Form of Government: Federal republic
Area: 17 125 300 sq km
Population: 146 882 100 inhab. (estimate 2018)
Density: 8.58 inhab./sq km
Coordinates: lat. 81° - 42° N; long. 19°-180° E - 169° W
Capital: Moscow=Moskva (capital) 12 342 600 inhab. (2018);
Currency: Russian rouble (100 kopeks)
Human development index: 0.816 (rank: 49)
President: Vladimir Putin (ER), elected 4 March 2012, re-elected 18 March 2018
Prime Minister: Dmitrij Medvedev (ER), since 8 May 2012
State Duma: seats (July 2019 update): ER (United Russia, nationalist), 339; KPRF (Communist Party), 43; LDPR (Liberal Democratic Party, populist-nationalist), 39; SR (A Just Russia), 23; others, 6
Internet: www.gks.ru (Federal State Statistics Service)
Member of APEC, CIS, Council of Europe, EAEU, EBRD, OAS observer, OIC observer, OSCE, SCO, UN, WTO
International license plate code RUS
International dialling code 007
Travel vaccinations requirement yellow fever (required only if traveling from a country with risk of transmission)
Electricity (Voltage) 220
Driving side rigth
Internet code .ru
GMT Moscow +4; Kaliningrad +3; Samara +4; Ekaterinburg +6; Omsk +7; Krasnojarsk +8; Irkutsk +9; Jakutsk +10; Vladivostok +11; Magadan +12; Kam-atka/Anadyr +12
DST Moscow not applied; Kaliningrad not applied; Samara not applied; Ekaterinburg not applied; Omsk not applied; Krasnojarsk not applied; Irkutsk not applied; Jakutsk not applied; Vladivostok not applied; Magadan not applied; Kam-atka/Anadyr not applied
Annual average temperature (°C) Moscow 5.1; Irkutsk 0.6; Kaliningrad 7.4; Murmansk 0.1; Omsk 1.5; Perm’ 2.2; Rostov-na-Donu 10; Saint Petersburg 5; Soči 14.7; Vladivostok 5.1
Average temperature in January/July (°C) Moscow -9/18; Irkutsk -18/18; Kaliningrad -3.5/17.5; Murmansk -11.5/13; Omsk -17.5/20; Perm’ -15/18.5; Rostov-na-Donu -5/23.5; Saint Petersburg -8/18; Soči 6.5/22.5; Vladivostok -11/18.5
Daily sunshine hours in June/December (average) Moscow 9/1; Irkutsk 8/2; Kaliningrad 9/1; Murmansk 6/0; Omsk 10.5/2; Perm’ 10/0.5; Rostov-na-Donu 9.5/1; Saint Petersburg 9/0.5; Soči 9/3; Vladivostok 5/6
Annual average precipitation (mm) Moscow 695; Irkutsk 468; Kaliningrad 805; Murmansk 483; Omsk 405; Perm’ 615; Rostov-na-Donu 560; Saint Petersburg 645; Soči 1540; Vladivostok 796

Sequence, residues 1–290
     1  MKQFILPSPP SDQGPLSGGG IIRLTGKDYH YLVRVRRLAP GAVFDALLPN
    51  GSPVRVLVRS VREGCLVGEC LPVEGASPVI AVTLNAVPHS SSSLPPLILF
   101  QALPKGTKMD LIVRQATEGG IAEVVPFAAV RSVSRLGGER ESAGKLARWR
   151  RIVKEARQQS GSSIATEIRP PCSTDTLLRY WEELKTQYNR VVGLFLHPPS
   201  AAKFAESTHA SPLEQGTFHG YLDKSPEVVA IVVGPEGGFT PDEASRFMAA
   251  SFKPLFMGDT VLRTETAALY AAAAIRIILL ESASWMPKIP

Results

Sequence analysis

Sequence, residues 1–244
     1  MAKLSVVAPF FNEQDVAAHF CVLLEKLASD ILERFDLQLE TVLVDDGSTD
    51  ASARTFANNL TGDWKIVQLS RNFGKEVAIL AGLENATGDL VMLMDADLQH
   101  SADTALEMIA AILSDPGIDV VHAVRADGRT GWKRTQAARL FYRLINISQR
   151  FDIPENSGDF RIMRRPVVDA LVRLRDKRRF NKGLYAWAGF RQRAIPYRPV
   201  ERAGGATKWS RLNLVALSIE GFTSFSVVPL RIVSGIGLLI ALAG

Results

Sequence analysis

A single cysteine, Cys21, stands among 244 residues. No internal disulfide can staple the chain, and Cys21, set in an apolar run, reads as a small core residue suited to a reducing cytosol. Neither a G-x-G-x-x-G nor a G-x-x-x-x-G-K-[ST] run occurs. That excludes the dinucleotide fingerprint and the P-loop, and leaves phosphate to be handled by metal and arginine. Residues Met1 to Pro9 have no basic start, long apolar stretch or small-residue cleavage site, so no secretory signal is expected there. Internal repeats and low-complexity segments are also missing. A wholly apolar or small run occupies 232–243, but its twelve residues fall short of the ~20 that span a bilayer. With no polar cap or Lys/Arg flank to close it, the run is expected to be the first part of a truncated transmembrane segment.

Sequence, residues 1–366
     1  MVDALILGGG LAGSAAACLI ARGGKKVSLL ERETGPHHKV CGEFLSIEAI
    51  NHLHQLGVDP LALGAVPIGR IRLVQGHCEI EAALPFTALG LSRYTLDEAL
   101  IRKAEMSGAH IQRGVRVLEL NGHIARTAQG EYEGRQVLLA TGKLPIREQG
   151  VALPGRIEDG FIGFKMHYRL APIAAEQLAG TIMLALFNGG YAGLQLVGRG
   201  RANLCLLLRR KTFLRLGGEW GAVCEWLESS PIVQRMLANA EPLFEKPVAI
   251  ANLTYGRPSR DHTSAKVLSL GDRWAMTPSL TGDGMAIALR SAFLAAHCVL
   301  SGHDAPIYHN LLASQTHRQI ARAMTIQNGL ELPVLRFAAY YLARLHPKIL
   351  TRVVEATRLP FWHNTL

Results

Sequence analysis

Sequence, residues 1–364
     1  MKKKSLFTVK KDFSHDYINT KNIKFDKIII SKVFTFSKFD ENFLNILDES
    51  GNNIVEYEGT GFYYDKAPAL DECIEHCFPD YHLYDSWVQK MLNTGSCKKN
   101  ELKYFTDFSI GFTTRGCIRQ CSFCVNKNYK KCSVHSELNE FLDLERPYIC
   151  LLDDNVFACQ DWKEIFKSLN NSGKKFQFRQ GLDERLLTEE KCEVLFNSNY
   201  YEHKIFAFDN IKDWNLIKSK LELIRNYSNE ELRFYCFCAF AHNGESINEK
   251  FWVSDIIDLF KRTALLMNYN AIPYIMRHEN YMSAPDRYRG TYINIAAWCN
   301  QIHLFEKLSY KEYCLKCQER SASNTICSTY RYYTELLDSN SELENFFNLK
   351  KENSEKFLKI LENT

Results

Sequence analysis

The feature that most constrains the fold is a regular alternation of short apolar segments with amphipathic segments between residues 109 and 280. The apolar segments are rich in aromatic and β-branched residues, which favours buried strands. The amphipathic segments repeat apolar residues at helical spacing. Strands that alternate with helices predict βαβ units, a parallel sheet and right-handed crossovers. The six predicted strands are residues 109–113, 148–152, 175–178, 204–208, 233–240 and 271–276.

Days of rainfall (annual average) Moscow 123; Irkutsk 77; Kaliningrad 130; Murmansk 111; Omsk 79; Perm’ 124; Rostov-na-Donu 86; Saint Petersburg 120; Soči 115; Vladivostok 79
Politics and current affairs
The geopolitical tension between Russia under Vladimir Putin and western countries remains high. On 25 November 2018, Russian forces captured three Ukrainian ships traveling through the Kerch Strait to the Sea of Azov. The operation further worsened rapports with Kiev, which have broken down in the five years since Russia annexed Crimea, where the saturation of Moscow’s influence continues through the establishment of military resources and strong investments. The crisis newly intensified the rapports with the West, which Russia accused of interfering in its neighbouring regions when NATO forces were assigned to Poland and the Baltics. Suspicion over Russian interference in American and European politics (including Italian politics) has grown. On 20 June 2019, the EU extended its sanctions imposed after the crisis began in Ukraine until January 2020, hitting the energy, finance and defence sectors. Other sanctions were promoted following the incident in the Sea of Azov and for the attempted assassination in 2018 of the former Russian spy Sergei Skripal in the United Kingdom. In general, Russia and western countries are divided on many international matters, such as Syria, Venezuela and Libya.
Meanwhile, protests by opposition movements are increasing in Moscow and other cities against the restrictions of freedom on the web and obstacles for free political participation. On 27 July 2019, the police arrested more than 1000 people.
Bordering from south-east to south-west North Korea, China, Mongolia, Kazakhstan, Azerbaijan and Georgia, from south-west to north-west the Ukraine, Belarus, Poland, Lithuania, Latvia, Estonia, Finland and Norway.
The northern coastline lies on the Arctic Ocean, eastern coastline on the Bering Sea, the Okhotsk Sea and the Japan Sea (Pacific Ocean). To the south-west lies the Caspian Sea, the Sea of Azov and the Black Sea; to the north-west the Baltic Sea. There are vast geographical differences within Russia. From west to east lie the East European Plain, the West Siberian Plain, the Central Siberian Plateau and the Russian Far East. The East European Plain covers a large part of European Russia, with a series of higher areas towards the middle (the Valdai Hills, the Central Russian Upland, the Don Upland and the Volga Plateau), ending with the Urals Mountains in the east. The main river is the River Volga, which flows into the Caspian Sea, as does the River Ural, the upper stretch of which flows through Russia. The other main rivers flow into the Sea of Azov, including the River Don and its tributary the River Donets.
To the north-west between Fennoscandia and Karelia there are two great lakes, Lake Ladoga and Lake Onega. Between the Urals and the west there are the Kazakh Uplands and the River Yenisey to the south, meanwhile further the east the great West Siberian Plain begins, with the course of the River Ob, with its tributary the River Irtysh, which follows the Central Siberian Plateau. Beyond the River Lena lies the north-eastern Asian arc, which mainly consists of mountain ranges. In the southern part lie the Caucasus Mountains, the Altay, Sayan, Yablonovy, Stanovoy, Sikhote-Alin and Dzhugdzhur mountains. The largest of the many lakes is Lake Baikal. The climate is broadly speaking continental, with hot summers and rather long, cold winters.